Daniell LC: The noncompetitive N-methyl-D-aspartate antagonists, MK-801, phencyclidine and ketamine, increase the potency of general anesthetics. Pharmacol Biochem Behav 1990; 36:111-5
Loeb AL, Gonzales JM, Reichard PS: Isoflurane enhances glutamatergic agonist-stimulated nitric oxide synthesis in cultured neurons. Brain Res 1996; 734:295-300
Rengasamy A, Pajewski TN, Johns RA: Inhalational anesthetic effects on rat cerebellar nitric oxide and cyclic guanosine monophosphate production. Anesthesiology 1997; 86:689-98
Greenblatt EP, Loeb AL, Longnecker DE: Endothelium-dependent circulatory control-A mechanism for the differing peripheral vascular effects of isoflurane versus halothane. Anesthesiology 1992; 77:1178-85
Loeb AL, Godeny I, Longnecker DE: Anesthetics alter the relative contributions of NO and EDHF in the rat cremaster muscle microcirculation. Am J Physiol 1997; 273:H618-27
Sturaitis MK, Moore LE, Kirsch JR, McPherson RW: A cholinergic agonist induces cerebral hyperemia in isoflurane-but not pentobarbital-anesthetized dogs. Anesth Analg 1994; 78:876-83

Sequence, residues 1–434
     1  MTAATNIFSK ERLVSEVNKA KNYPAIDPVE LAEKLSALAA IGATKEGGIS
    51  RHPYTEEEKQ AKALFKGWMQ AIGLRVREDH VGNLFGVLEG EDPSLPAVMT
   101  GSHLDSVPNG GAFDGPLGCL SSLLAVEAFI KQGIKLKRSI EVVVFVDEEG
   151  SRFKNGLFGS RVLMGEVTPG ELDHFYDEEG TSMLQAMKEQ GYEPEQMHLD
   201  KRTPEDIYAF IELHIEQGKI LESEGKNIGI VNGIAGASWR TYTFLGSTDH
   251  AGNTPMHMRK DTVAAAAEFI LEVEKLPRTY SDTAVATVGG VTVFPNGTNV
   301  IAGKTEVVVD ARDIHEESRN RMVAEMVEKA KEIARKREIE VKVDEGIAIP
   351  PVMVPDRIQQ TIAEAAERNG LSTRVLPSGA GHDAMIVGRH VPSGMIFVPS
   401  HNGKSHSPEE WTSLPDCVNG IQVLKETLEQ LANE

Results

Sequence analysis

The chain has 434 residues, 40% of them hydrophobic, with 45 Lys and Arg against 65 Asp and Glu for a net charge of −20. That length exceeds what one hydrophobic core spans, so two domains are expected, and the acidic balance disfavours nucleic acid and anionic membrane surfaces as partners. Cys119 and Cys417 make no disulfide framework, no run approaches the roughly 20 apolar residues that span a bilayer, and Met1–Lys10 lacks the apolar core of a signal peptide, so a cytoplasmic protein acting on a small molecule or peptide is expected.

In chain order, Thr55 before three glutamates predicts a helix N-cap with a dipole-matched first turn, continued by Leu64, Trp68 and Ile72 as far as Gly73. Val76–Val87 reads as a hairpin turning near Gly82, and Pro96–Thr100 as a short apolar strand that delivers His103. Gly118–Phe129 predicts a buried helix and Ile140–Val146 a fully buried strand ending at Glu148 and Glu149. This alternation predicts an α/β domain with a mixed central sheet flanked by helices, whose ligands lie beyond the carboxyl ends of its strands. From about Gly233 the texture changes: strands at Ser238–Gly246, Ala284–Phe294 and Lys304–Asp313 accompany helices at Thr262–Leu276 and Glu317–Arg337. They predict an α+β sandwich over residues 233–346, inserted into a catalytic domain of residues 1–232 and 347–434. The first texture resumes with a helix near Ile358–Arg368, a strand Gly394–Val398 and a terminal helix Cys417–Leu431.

Southam E, Morris R, Garthwaite J: Sources and targets of nitric oxide in rat cerebellum. Neurosci Lett 1992; 137:241-4
White PF, Johnston RR, Eger EI, II. Determination of anesthetic requirement in rats. Anesthesiology 1974; 40:52-7
Eger EI, 2d., Johnson BH: Rates of awakening from anesthesia with I-653, halothane, isoflurane, and sevoflurane: A test of the effect of anesthetic concentration and duration in rats. Anesth Analg 1987; 66:977-82
Pellegrino LJ, Pellegrino AS, Cushman AJ: A Stereotaxic Atlas of the Rat Brain. New York, Plenum Press, 1979
Benveniste H, Huttemeier PC: Microdialysis: Theory and application. Prog Neurobiol 1990; 35:195-215
Balcioglu A, Maher TJ: Determination of kainic acid-induced release of nitric oxide using a novel hemoglobin trapping technique with microdialysis. J Neurochem 1993; 61:2311-3